The 76-year Italian director Marco Bellocchio marches triumphantly on with this haunting reflection on childhood and the Mother, Mama. As we know, Italian men believe that all women are whores, except their own mother, who is a saint.
This is the story of a nine-year-old Turin boy, whose beloved Mama is suddenly taken away from him. The priest tells him she has asked God to go to Heaven. The boy’s father says that she came in to kiss him goodnight while he was sleeping and had a sudden unexpected heart attack and died.
The boy, Massimo is much troubled, and so, later in the film, is the middle-aged man Massimo, now a newsman, and played by Valerio Mastandrea. It turns out that both the priest and the father lied to the kid, and we are going to spend a couple of hours or so finding out the whys and wherefores. The lies, well intentioned though they may be, have made Massimo’s life even more difficult to bear.
Bellocchio takes the long, scenic route to the truth, but it is a lovely, beautiful journey, with a moving climax. Everything about Sweet Dreams is perfectly formed. I suppose it is a small film, small but perfectly formed, but everyone with a love of Italy, the Italians or mothers should see it – and perhaps weep.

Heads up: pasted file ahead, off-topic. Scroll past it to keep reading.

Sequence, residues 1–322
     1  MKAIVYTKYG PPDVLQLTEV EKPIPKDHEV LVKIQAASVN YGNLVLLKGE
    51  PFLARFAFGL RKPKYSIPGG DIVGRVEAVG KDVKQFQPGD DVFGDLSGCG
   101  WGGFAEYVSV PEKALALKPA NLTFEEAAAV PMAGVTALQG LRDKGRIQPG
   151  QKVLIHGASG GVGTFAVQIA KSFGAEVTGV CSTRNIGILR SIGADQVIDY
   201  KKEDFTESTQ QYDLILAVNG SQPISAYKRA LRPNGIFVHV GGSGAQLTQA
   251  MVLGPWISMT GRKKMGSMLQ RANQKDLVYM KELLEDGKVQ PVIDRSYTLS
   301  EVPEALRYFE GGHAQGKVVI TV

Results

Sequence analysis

[Spoiler alert] It does have a bitter-sweet happy ending, which you deserve and need after a 134 minute film. Bellocchio has produced another masterwork. He’s so good with actors too. Mastandrea underplays to great effect and the two boys playing the nine-year-old and teenage Massimo are wide-eyed perfect. Bérénice Bejo pops in sweetly as the doctor who helps middle-aged Massimo through his panic attack and life crisis.
The immensely self-confident screenplay by Bellocchio, Valia Santella and Edoardo Albinati is based on a novel by Massimo Gramellini. Bellocchio’s use of music, pop and soundtrack, and movie clips is essential to enjoyment and understanding.
Bellocchio’s film debut and first success was Fists in the Pocket [I pugni in tasca] right back in 1965.
© Derek Winnert 2016 Movie Review
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